Importers phasing out the frontloading of goods and consumers reverting to spending their money on services in a post-pandemic world are a “looming threat” to demand.

And that will be of concern for carriers locked into long-term expensive charters, according to BIMCO.

The shipping association said it expected the current high volumes to continue into the peak season, but thereafter demand is less certain.

“Once we approach a post-pandemic world, demand looks set to slow as stimulus measures and restrictions are eased, leaving consumer spending patterns to find a new balance,” said chief shipping analyst Peter Sand.

“If the high volumes we are currently seeing reflect importers’ frontloading their goods, then rates could soften significantly,” he added.

BIMCO noted that the first quarter had been “the busiest Q1 on record”, with global volumes reaching 42.9m teu – up 10.7% on the same period of last year but, more significantly, a 6.8% increase on Q1 19, when volumes were not hit by Covid lockdowns.

Moreover, monthly volumes for March, 15.5m teu, were an all-time high, breaking the previous record of 15.4m teu set in October last year.

Freight rates have soared across all tradelanes and, to meet market demand, carriers have been desperate to charter extra tonnage, driving daily hire rates to high levels and obliging carriers to accept shipowners’ demands, including long-term deals of three, four or five years.

“High charter rates have been made much easier for carriers to swallow by developments in the freight market,” said Mr Sand. “The freight rates carriers are currently able to charge, both on spot and long-term contracts, are more than enough to cover the higher charter rates.”

He noted that an unnamed leading carrier had estimated that its global average shipment cost per teu was around $1,000 and, given that in the first quarter many lines reported achieving an average rate per teu of $1,500, with more increases set to work through, it “illustrated just how profitable today’s market conditions are”.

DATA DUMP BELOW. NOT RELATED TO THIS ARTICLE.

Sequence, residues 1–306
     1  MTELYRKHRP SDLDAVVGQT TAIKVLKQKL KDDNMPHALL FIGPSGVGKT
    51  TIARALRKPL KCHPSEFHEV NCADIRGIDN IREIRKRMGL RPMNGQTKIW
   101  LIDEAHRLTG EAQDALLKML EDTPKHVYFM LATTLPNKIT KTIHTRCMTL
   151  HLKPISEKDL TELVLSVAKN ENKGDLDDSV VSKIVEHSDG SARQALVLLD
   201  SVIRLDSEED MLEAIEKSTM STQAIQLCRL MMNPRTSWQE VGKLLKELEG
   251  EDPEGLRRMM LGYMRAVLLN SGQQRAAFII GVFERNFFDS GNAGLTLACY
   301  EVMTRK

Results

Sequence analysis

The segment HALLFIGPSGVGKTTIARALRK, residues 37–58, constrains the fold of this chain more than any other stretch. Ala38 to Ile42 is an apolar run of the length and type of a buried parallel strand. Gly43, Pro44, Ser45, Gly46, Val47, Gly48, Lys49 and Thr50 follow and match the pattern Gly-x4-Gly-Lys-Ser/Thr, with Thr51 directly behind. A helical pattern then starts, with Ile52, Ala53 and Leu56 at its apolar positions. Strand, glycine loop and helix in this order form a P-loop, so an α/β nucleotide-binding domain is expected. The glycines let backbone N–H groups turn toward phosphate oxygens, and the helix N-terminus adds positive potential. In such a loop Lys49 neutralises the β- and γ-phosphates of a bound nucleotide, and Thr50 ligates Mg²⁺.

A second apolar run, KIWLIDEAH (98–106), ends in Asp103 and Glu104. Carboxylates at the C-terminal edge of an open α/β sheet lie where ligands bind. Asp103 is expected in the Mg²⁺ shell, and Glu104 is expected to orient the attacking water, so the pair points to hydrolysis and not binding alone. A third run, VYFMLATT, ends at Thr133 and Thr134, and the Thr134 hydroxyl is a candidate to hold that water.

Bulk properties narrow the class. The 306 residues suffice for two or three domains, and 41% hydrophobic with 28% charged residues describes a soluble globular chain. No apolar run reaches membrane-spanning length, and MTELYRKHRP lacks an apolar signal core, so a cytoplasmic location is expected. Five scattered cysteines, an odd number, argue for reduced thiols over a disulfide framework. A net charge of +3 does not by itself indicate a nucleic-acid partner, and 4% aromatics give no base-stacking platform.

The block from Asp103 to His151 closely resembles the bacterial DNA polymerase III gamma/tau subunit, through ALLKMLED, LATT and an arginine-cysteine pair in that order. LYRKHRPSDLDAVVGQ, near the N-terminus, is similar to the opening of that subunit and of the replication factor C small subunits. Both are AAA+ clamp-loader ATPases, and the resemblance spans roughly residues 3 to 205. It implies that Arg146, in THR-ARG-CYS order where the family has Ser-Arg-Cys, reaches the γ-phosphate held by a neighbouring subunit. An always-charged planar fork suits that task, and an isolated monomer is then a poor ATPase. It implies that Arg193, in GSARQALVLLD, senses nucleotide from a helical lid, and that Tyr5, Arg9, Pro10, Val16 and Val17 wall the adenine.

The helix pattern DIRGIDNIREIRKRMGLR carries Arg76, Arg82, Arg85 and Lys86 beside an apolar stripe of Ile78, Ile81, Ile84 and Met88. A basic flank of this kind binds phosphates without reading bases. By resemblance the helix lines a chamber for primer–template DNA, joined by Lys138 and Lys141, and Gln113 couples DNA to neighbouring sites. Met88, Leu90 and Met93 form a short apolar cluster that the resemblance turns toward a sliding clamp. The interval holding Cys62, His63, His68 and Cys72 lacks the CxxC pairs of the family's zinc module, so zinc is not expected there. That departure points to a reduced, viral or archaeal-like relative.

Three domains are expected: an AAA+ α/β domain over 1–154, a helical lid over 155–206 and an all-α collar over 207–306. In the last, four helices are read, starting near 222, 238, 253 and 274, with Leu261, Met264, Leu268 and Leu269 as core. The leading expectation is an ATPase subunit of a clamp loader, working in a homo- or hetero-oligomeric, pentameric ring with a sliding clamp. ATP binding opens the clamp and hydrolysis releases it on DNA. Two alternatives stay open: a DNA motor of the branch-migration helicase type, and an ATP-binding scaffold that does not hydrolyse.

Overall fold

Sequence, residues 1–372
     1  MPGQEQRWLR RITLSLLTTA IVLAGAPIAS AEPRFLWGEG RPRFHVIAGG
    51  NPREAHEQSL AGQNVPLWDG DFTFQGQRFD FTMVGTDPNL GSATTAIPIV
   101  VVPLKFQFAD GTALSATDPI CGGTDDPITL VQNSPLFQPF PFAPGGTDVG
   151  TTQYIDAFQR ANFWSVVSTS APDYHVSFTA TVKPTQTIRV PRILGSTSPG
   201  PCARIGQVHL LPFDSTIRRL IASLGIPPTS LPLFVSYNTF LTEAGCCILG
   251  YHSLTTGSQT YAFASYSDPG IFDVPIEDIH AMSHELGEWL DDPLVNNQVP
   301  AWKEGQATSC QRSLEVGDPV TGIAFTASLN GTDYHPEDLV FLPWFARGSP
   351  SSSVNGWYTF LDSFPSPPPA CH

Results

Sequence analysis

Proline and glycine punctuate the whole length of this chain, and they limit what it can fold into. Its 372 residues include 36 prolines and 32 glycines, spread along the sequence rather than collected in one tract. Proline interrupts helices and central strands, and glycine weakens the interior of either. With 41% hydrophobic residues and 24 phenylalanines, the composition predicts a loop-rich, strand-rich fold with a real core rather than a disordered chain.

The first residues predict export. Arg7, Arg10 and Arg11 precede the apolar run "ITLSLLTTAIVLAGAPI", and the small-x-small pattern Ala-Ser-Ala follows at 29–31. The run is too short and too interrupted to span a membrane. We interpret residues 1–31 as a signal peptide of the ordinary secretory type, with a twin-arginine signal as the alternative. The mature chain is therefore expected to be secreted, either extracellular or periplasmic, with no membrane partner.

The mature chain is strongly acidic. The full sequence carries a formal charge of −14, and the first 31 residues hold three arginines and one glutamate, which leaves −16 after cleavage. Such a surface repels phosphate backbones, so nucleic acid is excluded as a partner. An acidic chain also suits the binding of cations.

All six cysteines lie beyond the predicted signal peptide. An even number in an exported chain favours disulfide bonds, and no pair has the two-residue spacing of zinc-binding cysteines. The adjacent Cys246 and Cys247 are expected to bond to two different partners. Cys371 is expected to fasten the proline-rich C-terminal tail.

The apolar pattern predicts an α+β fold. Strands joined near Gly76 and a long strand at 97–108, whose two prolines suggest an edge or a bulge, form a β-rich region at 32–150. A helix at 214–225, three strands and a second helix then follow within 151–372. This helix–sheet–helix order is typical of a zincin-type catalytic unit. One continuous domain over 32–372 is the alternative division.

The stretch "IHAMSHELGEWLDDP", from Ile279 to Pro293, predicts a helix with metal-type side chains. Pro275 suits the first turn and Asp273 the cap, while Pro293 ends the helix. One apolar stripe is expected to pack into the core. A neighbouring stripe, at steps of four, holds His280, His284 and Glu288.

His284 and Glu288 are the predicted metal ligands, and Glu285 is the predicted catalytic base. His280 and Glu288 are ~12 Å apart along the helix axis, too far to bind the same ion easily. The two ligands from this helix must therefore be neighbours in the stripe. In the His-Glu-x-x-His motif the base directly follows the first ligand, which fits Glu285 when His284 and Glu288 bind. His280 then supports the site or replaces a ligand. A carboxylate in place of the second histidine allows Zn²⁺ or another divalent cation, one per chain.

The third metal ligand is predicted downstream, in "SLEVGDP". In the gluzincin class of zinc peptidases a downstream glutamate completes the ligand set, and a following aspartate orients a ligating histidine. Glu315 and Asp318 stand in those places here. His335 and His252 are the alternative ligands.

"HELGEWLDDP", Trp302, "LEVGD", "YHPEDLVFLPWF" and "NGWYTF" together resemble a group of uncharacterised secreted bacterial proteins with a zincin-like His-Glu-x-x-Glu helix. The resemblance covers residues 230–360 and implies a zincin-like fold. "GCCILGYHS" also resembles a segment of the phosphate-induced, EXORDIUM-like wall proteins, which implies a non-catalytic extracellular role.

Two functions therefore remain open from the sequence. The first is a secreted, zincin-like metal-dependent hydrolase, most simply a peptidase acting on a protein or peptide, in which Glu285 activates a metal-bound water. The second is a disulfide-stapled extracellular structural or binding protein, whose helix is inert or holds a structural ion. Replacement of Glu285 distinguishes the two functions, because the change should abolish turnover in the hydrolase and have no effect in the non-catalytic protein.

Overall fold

However, carriers need the high freight rates to continue for some time to insulate them from the cost of their long-term charters.

“A future fall in the freight market would leave carriers paying for today’s high-price ships while freight income falls, hurting their bottom lines,” warned Mr Sand.

Meanwhile, analysis by Sea-Intelligence has highlighted the amount of ship capacity being sacrificed due to port congestion.

According to the consultant’s research, a staggering 25% of capacity deployed on the transpacific between January and April was “lost” due to vessel delays, compared with the normal 2%-4% of capacity that could be expected to be eroded.

The report says this vast amount of capacity effectively idled due to the chronic port congestion that has afflicted US west coast ports “outpaced the 17% soaked up by the 2015 US west coast labour dispute”.

Sea-Intelligence said that, while the Asia-Europe tradelane had seen “less dramatic congestion”, accounting for 11% of capacity during the same period, the global average of capacity tied up due to congestion and delays was some 12%.

“The effect is the same as if the entire industry had decided to remove all the ULCVs from their fleets,” said Sea-Intelligence.

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